There are about 25 teams across the NFL that feel the exact same way. There should be absolutely no shame in having a quarterback that isn't on the same level as two of the best players to ever play the game. What that rationalization is, however, is a lazy excuse to ignore the rest of the team and the rest of the shortcomings of these Dallas Cowboys over the years and lay it all on Tony Romo's shoulders.
The fact is that quarterbacks always have been and always will be judged based on the success of the teams they play for. With the exception of a few, teams generally will never find their way to the Super Bowl with a bad quarterback under center. There's just no way a team can be that successful with a bad player at that position. Of course, the same could be said for many other positions on the field as well and if you look at the championship teams over the past two decades I bet you'll find teams that are full of great players who all came together with one goal and played tremendously -- as a team.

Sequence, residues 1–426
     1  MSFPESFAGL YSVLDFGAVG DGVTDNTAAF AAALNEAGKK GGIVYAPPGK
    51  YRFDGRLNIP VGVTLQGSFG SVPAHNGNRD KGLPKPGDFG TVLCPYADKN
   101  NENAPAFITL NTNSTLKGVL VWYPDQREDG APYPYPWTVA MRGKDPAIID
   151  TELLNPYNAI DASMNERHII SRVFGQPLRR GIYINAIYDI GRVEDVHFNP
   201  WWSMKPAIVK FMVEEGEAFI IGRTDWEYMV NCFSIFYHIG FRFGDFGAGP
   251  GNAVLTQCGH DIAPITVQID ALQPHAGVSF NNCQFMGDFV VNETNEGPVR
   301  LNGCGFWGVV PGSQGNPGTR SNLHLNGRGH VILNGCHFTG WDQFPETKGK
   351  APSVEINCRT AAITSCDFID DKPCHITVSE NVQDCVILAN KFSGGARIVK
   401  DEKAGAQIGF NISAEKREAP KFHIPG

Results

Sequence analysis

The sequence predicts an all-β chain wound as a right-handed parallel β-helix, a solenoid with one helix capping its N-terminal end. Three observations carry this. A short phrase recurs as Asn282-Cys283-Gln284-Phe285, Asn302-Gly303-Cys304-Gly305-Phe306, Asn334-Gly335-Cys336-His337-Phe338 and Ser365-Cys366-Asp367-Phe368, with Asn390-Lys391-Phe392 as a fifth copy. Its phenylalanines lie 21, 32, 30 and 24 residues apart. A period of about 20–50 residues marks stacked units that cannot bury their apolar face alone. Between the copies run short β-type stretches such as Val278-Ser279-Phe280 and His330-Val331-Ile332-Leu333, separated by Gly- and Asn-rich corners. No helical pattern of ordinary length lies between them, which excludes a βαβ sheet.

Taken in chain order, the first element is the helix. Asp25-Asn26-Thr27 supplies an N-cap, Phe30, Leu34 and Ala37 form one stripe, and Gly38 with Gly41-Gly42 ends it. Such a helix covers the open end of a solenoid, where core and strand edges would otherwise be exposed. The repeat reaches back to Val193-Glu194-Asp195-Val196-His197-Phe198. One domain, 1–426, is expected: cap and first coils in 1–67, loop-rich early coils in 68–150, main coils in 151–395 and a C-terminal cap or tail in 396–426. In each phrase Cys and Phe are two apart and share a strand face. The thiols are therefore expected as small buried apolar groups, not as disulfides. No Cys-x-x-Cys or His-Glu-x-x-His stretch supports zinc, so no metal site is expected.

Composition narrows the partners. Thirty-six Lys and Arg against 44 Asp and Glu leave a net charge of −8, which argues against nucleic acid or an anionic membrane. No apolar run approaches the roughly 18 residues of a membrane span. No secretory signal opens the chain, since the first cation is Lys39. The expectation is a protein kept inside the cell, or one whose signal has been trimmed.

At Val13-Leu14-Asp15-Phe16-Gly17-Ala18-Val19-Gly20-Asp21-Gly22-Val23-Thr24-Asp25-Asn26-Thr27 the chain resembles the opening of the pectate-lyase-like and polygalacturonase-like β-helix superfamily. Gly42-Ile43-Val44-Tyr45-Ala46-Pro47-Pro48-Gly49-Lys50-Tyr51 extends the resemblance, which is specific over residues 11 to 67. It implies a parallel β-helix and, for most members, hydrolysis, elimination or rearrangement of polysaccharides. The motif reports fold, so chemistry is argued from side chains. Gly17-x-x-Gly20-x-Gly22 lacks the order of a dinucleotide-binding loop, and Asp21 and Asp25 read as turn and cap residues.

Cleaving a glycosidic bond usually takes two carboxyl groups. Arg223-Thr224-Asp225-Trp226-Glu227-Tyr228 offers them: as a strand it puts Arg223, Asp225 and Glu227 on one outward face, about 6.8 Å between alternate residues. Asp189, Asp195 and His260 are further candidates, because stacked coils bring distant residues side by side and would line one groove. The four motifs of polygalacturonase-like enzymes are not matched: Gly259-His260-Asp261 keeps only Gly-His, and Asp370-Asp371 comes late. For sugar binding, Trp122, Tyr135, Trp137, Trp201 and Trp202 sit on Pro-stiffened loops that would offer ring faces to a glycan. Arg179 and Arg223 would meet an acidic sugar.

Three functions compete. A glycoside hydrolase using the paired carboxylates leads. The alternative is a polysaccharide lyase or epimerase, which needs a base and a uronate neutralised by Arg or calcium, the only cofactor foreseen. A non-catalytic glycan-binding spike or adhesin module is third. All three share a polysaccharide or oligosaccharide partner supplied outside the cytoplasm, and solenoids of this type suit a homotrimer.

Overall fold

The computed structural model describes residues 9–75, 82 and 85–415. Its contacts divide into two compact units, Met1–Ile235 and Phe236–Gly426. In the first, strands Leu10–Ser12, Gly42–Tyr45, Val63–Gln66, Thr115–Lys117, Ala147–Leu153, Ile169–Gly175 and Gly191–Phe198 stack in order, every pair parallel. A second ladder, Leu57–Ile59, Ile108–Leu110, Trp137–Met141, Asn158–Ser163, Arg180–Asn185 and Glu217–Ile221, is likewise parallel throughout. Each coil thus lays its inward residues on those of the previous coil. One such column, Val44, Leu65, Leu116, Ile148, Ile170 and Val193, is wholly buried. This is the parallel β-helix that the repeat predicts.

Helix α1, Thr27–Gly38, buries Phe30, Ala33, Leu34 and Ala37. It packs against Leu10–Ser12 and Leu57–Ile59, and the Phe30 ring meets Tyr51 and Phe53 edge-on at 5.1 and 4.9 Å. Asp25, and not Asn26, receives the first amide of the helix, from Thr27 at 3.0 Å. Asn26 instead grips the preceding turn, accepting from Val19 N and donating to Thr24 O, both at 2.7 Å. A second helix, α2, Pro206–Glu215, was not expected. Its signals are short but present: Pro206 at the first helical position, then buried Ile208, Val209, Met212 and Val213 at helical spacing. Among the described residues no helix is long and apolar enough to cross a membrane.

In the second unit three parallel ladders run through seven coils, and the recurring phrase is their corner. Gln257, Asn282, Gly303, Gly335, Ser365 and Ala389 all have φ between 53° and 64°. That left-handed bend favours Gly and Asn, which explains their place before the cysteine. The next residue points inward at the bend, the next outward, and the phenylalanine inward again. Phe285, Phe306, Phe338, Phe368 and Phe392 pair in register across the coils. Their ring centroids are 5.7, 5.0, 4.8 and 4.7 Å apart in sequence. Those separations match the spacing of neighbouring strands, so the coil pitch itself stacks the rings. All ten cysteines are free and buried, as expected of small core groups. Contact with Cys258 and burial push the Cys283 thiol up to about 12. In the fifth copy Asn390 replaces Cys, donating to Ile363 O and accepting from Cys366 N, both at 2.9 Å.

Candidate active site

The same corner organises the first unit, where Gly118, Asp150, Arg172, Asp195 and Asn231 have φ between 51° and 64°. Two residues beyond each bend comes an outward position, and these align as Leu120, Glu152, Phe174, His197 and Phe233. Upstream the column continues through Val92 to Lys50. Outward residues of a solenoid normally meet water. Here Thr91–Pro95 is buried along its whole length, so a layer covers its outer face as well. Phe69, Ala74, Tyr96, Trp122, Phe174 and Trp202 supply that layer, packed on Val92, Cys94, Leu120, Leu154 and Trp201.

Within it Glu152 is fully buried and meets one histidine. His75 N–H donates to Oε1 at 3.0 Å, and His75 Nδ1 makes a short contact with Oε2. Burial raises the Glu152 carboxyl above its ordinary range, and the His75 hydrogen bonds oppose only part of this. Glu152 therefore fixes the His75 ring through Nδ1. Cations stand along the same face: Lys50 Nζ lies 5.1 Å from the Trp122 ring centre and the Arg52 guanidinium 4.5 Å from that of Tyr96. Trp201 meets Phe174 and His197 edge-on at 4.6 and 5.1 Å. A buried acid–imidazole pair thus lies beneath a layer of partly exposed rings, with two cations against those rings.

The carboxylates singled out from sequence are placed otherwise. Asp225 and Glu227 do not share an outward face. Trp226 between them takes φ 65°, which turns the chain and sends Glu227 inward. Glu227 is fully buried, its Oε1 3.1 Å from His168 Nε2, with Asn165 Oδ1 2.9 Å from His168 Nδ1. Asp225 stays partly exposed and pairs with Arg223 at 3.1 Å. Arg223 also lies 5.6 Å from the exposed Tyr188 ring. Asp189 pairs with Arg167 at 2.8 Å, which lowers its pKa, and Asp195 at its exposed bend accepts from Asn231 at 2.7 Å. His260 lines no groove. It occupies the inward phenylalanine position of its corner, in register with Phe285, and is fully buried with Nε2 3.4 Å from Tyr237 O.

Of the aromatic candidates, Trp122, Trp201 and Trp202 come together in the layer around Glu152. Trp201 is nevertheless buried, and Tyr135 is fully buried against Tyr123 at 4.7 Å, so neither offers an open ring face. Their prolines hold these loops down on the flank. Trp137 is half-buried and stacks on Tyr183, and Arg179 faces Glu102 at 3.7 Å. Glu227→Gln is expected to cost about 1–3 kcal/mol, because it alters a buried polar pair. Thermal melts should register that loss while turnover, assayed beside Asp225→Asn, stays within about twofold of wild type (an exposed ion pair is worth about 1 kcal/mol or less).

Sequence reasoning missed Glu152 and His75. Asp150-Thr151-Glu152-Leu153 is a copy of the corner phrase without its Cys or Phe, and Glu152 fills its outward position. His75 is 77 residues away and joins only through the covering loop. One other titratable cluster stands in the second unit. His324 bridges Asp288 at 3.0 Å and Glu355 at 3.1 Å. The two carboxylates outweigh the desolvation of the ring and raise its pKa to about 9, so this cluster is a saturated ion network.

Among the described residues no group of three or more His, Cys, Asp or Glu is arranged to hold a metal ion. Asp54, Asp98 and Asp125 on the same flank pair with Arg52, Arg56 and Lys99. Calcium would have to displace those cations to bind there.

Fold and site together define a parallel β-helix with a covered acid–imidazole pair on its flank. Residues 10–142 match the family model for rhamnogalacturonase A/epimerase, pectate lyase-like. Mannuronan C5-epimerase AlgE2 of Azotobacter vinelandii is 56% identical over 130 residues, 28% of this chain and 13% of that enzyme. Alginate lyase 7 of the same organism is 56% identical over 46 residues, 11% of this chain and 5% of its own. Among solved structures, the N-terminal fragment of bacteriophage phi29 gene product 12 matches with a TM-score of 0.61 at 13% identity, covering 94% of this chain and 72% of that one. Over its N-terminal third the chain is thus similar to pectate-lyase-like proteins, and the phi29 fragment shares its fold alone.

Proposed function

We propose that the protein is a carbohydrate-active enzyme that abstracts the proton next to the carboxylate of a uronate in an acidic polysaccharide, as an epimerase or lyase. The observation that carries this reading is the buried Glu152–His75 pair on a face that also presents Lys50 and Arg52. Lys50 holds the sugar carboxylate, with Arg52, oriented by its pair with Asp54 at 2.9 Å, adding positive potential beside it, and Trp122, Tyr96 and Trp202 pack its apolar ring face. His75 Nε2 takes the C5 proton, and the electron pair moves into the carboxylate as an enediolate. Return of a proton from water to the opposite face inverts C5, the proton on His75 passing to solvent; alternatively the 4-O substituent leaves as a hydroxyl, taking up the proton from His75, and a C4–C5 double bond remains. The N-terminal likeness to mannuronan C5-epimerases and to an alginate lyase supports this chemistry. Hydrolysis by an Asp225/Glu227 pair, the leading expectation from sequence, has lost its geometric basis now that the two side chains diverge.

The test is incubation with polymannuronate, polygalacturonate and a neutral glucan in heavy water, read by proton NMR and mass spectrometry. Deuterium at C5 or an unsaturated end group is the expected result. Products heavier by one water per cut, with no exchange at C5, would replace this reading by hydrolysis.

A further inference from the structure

Is Tony Romo a perfect quarterback? No, he isn't. There's never going to be any argument from me that Romo isn't frustrating as hell at times. What I do know, however, is that Romo has put this team in a position to win more consistently than any other quarterback that played for this team from about 1997 to 2006. During that time, the Cowboys employed Quincy Carter, Drew Bledsoe, Ryan Leaf, Drew Henson, Clint Stoerner, and many others at quarterback. Troy Aikman was under center for a number of those bad years as well.
In fact, Aikman is a perfect example of how it takes more than just a great quarterback to be successful. By the time 1996 rolled around, the Cowboys were falling apart and Aikman's numbers fell off precipitously. His completion percentage fell below 60% and the Cowboys struggled overall as a team. There was plenty of criticism going around, some of it pointed at Aikman, but the fact remains that he received a bit of a free pass then and now because of the successes of the team in the early '90's.